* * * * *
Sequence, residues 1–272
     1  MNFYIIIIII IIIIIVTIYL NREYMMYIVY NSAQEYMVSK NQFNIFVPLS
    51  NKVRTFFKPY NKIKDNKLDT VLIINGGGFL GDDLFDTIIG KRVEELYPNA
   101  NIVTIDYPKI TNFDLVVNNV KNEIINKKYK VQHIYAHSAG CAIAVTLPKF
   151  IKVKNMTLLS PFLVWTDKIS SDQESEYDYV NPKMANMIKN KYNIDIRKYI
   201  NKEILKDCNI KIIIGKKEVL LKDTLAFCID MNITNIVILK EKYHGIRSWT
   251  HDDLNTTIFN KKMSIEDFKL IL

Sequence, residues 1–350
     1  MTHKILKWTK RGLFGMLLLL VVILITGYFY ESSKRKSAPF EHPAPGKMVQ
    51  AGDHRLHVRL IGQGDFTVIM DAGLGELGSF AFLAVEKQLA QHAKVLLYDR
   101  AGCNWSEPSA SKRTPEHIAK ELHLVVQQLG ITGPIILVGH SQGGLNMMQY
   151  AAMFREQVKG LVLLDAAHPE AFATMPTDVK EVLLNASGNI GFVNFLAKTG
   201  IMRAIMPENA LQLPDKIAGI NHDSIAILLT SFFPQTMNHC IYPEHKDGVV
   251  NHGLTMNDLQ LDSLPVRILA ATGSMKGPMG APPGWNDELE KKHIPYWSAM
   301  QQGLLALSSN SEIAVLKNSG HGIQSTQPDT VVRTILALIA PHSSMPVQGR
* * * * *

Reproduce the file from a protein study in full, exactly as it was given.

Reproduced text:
Sequence, residues 1–272
     1  MNFYIIIIII IIIIIVTIYL NREYMMYIVY NSAQEYMVSK NQFNIFVPLS
    51  NKVRTFFKPY NKIKDNKLDT VLIINGGGFL GDDLFDTIIG KRVEELYPNA
   101  NIVTIDYPKI TNFDLVVNNV KNEIINKKYK VQHIYAHSAG CAIAVTLPKF
   151  IKVKNMTLLS PFLVWTDKIS SDQESEYDYV NPKMANMIKN KYNIDIRKYI
   201  NKEILKDCNI KIIIGKKEVL LKDTLAFCID MNITNIVILK EKYHGIRSWT
   251  HDDLNTTIFN KKMSIEDFKL IL

Sequence, residues 1–350
     1  MTHKILKWTK RGLFGMLLLL VVILITGYFY ESSKRKSAPF EHPAPGKMVQ
    51  AGDHRLHVRL IGQGDFTVIM DAGLGELGSF AFLAVEKQLA QHAKVLLYDR
   101  AGCNWSEPSA SKRTPEHIAK ELHLVVQQLG ITGPIILVGH SQGGLNMMQY
   151  AAMFREQVKG LVLLDAAHPE AFATMPTDVK EVLLNASGNI GFVNFLAKTG
   201  IMRAIMPENA LQLPDKIAGI NHDSIAILLT SFFPQTMNHC IYPEHKDGVV
   251  NHGLTMNDLQ LDSLPVRILA ATGSMKGPMG APPGWNDELE KKHIPYWSAM
   301  QQGLLALSSN SEIAVLKNSG HGIQSTQPDT VVRTILALIA PHSSMPVQGR